3. I’d almost admire their tenaciousness if they weren’t such terrorists…

    One would think that after you get slapped, that no one wants to talk to them, but they still seem to think they know best, especially when there’s no thinking involved, just a blind faith in the idea that they know best.

    And yeah, I know that violence in this situation is not the best outcome, considering how the antis would use it against clients and their companions, but I can’t help but admit to a little bit of happy thought when I read about M getting slapped by that mom.

    • Kazei5,

      I cannot really agree with you, but I know what you are saying. One would think that any one of the reactions from clients and companions that morning would have been cause for reflection by M on what was and wasn’t working. The antis are tenacious and focused. They continue to talk to clients in attempts of “this time they will hear me.” The client slapped M, but it didn’t change anything it just upset the client and her companions. It didn’t give me a happy thought. Antis are bullies and harass, but I wouldn’t wish violence on them. I just would love to have them go away and not interfere with clients and their personal decisions. We try to not engage and ignore them, but sometimes with M it is really, really hard.

      Thank you for your input,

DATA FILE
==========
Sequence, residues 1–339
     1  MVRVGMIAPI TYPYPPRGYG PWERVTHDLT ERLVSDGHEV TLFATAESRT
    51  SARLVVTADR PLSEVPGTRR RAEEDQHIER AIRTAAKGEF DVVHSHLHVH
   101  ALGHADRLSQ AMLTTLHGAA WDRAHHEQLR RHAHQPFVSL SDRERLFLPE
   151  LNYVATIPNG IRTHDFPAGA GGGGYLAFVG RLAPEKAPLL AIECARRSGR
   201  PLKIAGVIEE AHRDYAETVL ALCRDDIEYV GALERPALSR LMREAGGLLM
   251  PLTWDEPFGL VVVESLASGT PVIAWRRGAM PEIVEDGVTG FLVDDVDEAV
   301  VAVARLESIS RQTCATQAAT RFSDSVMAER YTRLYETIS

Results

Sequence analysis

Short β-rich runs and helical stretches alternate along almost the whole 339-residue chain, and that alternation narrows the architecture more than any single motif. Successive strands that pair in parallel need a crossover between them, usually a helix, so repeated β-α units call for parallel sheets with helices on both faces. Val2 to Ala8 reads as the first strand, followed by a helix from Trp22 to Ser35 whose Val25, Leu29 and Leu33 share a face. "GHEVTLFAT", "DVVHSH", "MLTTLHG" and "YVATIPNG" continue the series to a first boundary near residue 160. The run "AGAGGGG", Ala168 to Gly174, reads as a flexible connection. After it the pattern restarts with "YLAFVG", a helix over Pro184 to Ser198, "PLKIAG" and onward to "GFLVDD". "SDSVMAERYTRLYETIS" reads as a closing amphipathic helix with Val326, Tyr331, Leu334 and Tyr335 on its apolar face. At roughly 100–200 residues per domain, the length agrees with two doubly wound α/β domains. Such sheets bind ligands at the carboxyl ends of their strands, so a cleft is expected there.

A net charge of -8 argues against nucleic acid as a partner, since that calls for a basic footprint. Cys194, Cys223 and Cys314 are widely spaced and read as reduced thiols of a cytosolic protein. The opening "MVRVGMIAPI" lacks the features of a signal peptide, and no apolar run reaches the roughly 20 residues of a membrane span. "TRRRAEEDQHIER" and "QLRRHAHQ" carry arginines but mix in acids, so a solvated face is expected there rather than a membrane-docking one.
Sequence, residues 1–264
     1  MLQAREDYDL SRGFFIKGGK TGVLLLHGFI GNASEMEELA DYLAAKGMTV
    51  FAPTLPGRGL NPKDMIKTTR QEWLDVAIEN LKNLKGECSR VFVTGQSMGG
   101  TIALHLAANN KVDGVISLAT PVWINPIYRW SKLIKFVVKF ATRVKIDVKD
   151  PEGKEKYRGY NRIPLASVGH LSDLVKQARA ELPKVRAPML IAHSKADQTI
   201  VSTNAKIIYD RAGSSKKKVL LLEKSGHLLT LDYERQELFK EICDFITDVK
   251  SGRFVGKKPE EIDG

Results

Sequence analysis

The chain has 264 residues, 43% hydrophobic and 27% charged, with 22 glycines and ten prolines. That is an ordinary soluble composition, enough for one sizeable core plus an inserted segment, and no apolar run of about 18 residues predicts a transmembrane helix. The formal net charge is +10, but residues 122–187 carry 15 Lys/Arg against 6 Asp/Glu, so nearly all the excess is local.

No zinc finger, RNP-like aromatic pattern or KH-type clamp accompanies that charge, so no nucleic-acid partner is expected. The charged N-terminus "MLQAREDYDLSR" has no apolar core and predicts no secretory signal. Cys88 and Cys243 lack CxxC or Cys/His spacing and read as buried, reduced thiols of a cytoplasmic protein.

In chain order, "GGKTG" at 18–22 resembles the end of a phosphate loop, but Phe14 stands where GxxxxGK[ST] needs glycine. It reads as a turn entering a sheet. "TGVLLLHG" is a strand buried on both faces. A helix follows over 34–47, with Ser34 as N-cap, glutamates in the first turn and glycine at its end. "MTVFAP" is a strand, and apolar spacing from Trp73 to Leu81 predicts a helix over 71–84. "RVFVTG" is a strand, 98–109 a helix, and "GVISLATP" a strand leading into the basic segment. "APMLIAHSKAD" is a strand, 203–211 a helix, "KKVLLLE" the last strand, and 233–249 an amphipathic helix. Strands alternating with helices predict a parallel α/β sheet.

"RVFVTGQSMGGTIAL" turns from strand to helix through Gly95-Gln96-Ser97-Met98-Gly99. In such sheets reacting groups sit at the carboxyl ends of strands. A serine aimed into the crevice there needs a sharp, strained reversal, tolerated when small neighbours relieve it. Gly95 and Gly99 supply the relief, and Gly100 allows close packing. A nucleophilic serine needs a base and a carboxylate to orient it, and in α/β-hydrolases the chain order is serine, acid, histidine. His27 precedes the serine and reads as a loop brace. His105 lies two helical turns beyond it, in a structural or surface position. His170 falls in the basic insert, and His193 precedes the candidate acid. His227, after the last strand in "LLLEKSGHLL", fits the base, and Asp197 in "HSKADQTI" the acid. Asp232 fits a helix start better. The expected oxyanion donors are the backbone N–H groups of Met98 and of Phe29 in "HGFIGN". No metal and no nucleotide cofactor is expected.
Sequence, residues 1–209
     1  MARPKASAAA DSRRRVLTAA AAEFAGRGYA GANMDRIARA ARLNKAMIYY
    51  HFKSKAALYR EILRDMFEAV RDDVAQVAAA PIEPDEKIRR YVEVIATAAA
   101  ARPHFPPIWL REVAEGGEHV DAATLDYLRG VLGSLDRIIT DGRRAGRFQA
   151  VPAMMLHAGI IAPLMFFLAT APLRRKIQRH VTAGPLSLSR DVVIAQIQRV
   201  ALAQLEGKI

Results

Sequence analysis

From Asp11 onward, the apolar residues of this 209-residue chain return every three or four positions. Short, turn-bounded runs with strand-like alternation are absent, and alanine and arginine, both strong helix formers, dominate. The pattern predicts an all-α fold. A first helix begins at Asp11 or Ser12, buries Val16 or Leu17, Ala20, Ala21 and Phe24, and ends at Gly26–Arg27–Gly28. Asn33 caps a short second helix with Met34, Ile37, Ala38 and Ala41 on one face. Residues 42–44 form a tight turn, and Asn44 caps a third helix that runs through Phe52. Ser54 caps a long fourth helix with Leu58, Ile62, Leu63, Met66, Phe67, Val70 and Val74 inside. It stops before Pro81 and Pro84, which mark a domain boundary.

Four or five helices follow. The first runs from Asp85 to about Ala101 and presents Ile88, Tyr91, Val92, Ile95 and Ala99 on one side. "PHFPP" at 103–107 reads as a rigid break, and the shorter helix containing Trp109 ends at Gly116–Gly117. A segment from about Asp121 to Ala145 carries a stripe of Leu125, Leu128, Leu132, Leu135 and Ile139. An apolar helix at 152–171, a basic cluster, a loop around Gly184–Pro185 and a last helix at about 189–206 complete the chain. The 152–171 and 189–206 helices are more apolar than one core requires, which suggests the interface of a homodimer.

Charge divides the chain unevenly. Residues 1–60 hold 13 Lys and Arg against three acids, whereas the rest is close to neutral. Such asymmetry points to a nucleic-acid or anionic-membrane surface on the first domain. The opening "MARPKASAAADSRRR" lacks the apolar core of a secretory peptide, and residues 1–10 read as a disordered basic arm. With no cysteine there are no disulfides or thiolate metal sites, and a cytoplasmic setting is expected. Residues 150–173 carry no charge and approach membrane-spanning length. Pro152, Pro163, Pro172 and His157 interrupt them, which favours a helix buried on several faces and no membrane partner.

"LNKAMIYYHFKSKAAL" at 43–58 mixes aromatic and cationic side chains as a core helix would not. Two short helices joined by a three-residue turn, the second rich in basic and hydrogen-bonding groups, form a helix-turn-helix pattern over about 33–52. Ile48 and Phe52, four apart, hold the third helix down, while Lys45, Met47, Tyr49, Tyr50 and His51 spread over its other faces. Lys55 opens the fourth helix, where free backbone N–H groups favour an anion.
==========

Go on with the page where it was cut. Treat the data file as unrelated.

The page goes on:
• While I have found the calm to not lash out at the protesters, I think it is the client and companions’ prerogative to do so, if they see fit. While I may advise them that this is not a good day to go to jail, my days of jumping in between protesters and combat veteran Marine companions are long gone. If they want to engage the anti’s, who are we to dissuade them from exercising their free speech and blowing off a little steam?

        And really, we ought never forget that M and D and the rest are not there to counsel and help folks. Their number one objective is to make this process, the visit to the clinic, as difficult as possible, by whatever means possible. It is in their literature as a main objective. So, if we can negate that by calmly telling papa Marine that his baby girl needs him in the clinic, and that becomes more important to him than playing pressure “D” to M in the parking lot, so be it. But that is their call, and we need to guard against involving ourselves when that isn’t what the clients or companions want.

        This is their doctor appointment. Let them deal with it their way. They’re grown.